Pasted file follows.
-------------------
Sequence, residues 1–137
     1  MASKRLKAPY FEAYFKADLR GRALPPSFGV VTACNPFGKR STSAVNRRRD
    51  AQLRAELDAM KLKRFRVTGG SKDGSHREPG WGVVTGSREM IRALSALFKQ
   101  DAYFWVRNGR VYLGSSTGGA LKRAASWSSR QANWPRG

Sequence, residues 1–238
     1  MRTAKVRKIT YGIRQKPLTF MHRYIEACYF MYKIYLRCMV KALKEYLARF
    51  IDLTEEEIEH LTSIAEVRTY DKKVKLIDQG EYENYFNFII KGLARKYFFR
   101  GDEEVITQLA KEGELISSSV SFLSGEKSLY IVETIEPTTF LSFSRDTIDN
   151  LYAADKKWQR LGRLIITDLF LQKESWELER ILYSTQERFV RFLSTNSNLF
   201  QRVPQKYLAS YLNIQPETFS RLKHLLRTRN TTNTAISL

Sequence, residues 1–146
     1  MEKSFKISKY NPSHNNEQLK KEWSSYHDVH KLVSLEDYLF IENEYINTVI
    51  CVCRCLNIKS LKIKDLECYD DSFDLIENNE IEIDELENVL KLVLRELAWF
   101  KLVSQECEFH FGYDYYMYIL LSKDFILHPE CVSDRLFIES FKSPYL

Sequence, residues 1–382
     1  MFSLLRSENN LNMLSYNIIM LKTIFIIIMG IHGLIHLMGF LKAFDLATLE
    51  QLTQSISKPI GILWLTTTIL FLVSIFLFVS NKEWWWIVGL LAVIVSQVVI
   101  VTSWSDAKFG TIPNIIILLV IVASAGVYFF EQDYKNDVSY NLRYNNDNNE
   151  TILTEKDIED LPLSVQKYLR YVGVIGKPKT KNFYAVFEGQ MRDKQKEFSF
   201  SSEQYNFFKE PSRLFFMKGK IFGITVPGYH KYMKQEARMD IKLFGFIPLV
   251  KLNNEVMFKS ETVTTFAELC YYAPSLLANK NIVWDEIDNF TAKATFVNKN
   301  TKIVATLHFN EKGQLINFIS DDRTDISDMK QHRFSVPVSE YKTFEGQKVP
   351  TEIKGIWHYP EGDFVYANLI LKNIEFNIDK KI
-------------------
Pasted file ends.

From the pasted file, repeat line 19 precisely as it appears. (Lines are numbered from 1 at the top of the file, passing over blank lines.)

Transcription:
   151  TILTEKDIED LPLSVQKYLR YVGVIGKPKT KNFYAVFEGQ MRDKQKEFSF